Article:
Vijay first rival to pose threat to Woods
|-- Vijay Singh|
None of the others threatened to take something away from Woods, such as an unprecedented fifth straight money title or perhaps even the PGA Tour Player of the Year.
No one else has won more tournaments with Woods in the field -- seven with Singh's victory Sunday in the Funai Classic at Disney.
And remember, it was Singh who kept Woods from a calendar Grand Slam in 2000 by winning The Masters for his second major championship.
That was about the time the seeds of this rivalry were planted.
Later that year, Singh's former caddie wrote ''Tiger Who?'' on the back of his cap before their singles match in the Presidents Cup. Woods didn't concede a putt longer than 18 inches and beat Singh, 2 and 1.
The rivalry reached its fruition Monday when Singh rose to No. 2 in the World Ranking, his highest position ever.
''I'm playing the best that I can play right now,'' Singh said. ''It's a good feeling to go out there knowing that you've got a chance of winning the golf tournament every time you tee it up. That's the way I feel.''
Singh has finished out of the top 10 only once in his last 10 tournaments, and his career-best four victories are only one fewer than Woods this year.
At just over $6.8 million, he leads the money list by $250,094 over Woods, although Singh already has played eight more tournaments than Woods and will add another this week in the Chrysler Championship in Tampa, where a victory would clinch the money title.
Even more impressive is his head-to-head battles with Woods.
Neither of them won a major championship this year, although Singh finished higher than Woods in The Masters, British Open and PGA Championship. They tied for 20th at the U.S. Open.
In the 14 tournaments they played together, each has finished ahead of the other six times, with two ties.
The difference is Woods has three victories to Singh's one, and Woods traditionally plays against stronger fields on tougher courses, which is why he has virtually locked up another Vardon Trophy for lowest adjusted scoring average.
The dynamic that Singh brings to this rivalry is a general dislike between the two players.
Woods and Duval became so close that they traveled to Argentina and Japan to play in the World Cup.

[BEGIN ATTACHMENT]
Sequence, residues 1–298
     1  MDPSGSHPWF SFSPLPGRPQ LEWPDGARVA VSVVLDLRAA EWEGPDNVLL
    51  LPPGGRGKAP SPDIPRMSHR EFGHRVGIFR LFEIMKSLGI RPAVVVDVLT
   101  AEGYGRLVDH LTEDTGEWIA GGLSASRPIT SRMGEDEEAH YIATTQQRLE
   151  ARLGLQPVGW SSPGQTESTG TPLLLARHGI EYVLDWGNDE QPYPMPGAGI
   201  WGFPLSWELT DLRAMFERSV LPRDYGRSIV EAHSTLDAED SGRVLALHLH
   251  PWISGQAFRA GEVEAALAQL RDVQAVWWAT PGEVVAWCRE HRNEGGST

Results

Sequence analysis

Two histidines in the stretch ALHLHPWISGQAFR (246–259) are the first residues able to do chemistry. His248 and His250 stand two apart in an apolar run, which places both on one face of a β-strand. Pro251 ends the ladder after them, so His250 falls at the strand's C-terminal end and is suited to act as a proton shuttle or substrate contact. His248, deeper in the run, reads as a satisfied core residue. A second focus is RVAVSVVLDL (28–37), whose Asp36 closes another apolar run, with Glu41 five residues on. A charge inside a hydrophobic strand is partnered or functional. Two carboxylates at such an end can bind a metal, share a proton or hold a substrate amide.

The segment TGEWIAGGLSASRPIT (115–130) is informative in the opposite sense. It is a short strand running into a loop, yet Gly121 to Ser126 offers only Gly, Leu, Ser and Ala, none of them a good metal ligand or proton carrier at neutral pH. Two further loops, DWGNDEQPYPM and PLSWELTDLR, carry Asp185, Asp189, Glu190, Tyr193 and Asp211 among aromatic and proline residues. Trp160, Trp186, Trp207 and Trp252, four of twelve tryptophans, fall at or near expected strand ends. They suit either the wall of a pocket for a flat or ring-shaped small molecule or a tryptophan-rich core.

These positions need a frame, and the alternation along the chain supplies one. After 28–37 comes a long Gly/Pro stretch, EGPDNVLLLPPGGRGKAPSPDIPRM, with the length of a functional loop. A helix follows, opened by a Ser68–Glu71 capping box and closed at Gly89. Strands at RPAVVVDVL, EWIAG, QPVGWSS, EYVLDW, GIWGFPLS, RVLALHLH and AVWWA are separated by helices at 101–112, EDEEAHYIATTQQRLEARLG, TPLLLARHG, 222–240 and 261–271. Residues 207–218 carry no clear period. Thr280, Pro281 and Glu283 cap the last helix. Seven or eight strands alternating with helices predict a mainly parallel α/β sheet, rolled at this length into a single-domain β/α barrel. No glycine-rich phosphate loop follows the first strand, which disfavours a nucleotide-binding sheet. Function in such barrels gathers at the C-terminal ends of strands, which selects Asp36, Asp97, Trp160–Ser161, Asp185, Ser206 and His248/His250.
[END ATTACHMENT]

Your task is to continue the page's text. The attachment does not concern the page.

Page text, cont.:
Els and Woods also are good friends, although the Big Easy gets along with everybody. The Woods-Mickelson relationship is overblown; Woods just likes to poke fun at Lefty, and he's certainly not the only player who does that.
There have never been warm feelings between Woods and Singh.
Singh's former caddie, Paul Tesori, was responsible for writing ''Tiger Who?'' on his cap at the Presidents Cup, and Singh endorsed it by saying nothing.
When Woods and Singh went head-to-head in the final group at the American Express Championship earlier this month, where Woods won by two shots, their conversation could have fit on an index card.
''Good luck today.''
''I'm playing a Titleist 2.''
''Could you move your coin one to the right?''
''Nice playing with you.''
''Here's your card.''
While they never saw each other at Disney -- the closest they got was four shots on the leaderboard -- there were a few subtle shots fired across the bow.
Singh has said for the last month that the money title is the most important award.
''It's hard to win a money title,'' he said. ''It's harder than winning golf tournaments because you have to play consistently all year to win that.''
Woods said he takes more pride in the Vardon Trophy for scoring than the money title because it's a better barometer of consistency.
''The money title can be a little skewed if you've played 30 tournaments,'' he said.
Woods is not playing in the $4.8 Chrysler Championship this week, nor was he tempted to add it to his already thin schedule for the sake of trying to win the money title.
Even when told that Singh could have ended Woods' four-year reign before the Tour Championship, Woods shrugged.
''If he has it wrapped up, so be it,'' Woods said. ''Anyone would much rather have Player of the Year than the money title. He plays a lot more than I do. If it were important, I'd play 25 to 30 events every year.''
The rivalry will continue to play itself out over the next two weeks.
How long it lasts after that is anyone's guess.
Singh is 40, although he is so strong and in such good shape that it wouldn't surprise anyone if he continued to play at this level for several more years.
The big Fijian even set his sights on being No. 1 in the world.
''I give myself another five years,'' Singh said. ''It's going to be really hard to get Tiger from the No. 1 spot. He's playing so well every week. I just have to match that and play better than that in the next few years.
''We'll have to wait and see.''
Copyright 2003 by The Associated Press
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